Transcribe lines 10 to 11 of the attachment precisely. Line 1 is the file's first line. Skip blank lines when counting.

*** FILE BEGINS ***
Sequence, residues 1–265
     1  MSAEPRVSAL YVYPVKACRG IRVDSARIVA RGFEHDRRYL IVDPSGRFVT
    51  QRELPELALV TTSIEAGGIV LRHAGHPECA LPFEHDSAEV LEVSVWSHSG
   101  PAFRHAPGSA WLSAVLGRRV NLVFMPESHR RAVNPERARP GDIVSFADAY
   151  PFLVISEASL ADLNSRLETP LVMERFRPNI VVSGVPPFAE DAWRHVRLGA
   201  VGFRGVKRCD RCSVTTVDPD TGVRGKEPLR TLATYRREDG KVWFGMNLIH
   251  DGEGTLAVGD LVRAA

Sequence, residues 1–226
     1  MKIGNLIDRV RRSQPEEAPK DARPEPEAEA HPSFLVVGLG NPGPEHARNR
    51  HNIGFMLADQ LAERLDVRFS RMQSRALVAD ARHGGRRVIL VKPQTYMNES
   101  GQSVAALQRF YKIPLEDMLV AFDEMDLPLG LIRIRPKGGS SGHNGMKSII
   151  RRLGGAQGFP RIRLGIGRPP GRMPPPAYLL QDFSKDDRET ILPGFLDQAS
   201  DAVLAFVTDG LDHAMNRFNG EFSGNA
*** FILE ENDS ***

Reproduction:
    51  HNIGFMLADQ LAERLDVRFS RMQSRALVAD ARHGGRRVIL VKPQTYMNES
   101  GQSVAALQRF YKIPLEDMLV AFDEMDLPLG LIRIRPKGGS SGHNGMKSII